|Records per Base:||5,000||5,000||Increased|
|Storage per Base:||5GB||20GB||1000GB|
AirTable Pro has more design features, including personal views, modular apps called blocks, branding and more colors and styles to choose from. There’s also a free version called AirTable Basic that comes with unlimited bases and many of the key features.
- Multiple integrations
- Unlimited bases
- Flexible use
- Difficult to master
- Limited internal storage
- Not good for communication
LeanKit has more features than most of the software that made this list. The reason we didn’t rank it higher is that the design feels about 10 years old. LeanKit relies on a Kanban-board approach, which is a fine idea, but the design distracts with rough edges, all-caps labels and other questionable choices.
The best thing about LeanKit is the number of fields and features available in card creation. You can add descriptions, card type, priority, assignees, tags and attachments.
You can add child cards to organize your workflow and each card can have unlimited tasks. You can convert cards to tasks, if needed.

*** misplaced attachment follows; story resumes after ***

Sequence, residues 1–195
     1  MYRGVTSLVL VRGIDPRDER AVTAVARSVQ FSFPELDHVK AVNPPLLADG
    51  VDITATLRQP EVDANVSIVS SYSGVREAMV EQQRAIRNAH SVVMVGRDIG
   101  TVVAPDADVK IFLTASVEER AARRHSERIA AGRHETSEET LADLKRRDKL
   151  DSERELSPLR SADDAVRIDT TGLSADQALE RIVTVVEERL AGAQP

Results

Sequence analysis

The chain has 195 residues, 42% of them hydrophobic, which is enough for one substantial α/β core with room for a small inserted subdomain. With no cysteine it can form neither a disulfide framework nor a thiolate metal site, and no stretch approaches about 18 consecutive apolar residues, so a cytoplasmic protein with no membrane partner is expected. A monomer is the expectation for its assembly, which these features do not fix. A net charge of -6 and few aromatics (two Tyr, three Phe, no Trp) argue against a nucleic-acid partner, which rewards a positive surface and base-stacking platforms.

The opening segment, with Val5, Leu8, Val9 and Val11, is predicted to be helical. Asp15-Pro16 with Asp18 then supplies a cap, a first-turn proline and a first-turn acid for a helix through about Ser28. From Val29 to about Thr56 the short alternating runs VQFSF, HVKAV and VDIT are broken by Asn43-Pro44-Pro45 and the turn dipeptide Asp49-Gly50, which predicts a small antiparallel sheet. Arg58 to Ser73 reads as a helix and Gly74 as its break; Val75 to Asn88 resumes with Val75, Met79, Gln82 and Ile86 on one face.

LeanKit uses Microsoft Azure to store files. For Premium and higher level accounts, there’s no limit on storage for file attachments, though there is a 75MB file-size cap. There’s no built-in integration for cloud storage, even for Dropbox and Google Drive. That’s probably the biggest reason to stay away, especially with that 75MB cap.
LeanKit works well for Lean and Agile software development. It’s difficult to track personal responsibilities, however, unlike tools, such as Wrike, that have a dedicated view for your own tasks.
Planview hasn’t released a desktop client for LeanKit. There are, however, smartphone apps for Android and iOS.
LeanKit lands among the most expensive PM software. The cheapest subscription, LeanKit Select, costs $19 per user each month, so small business owners might want to look elsewhere.
Most features are available to LeanKit Select users. Some added features for LeanKit Advanced include multiple board connections, custom card fields and better reporting and security settings.
You can try the service out first with a 30-day trial.
- Multiple card fields
- Unlimited file storage
- Packed with features
- No cloud integrations
- Clumsy design
Basecamp has been around for some time, since 1999, though the company first focused on web development before moving into applications. In addition to its project management software, released in 2004, Basecamp is known for developing Ruby on Rails, an open-source framework for web application development.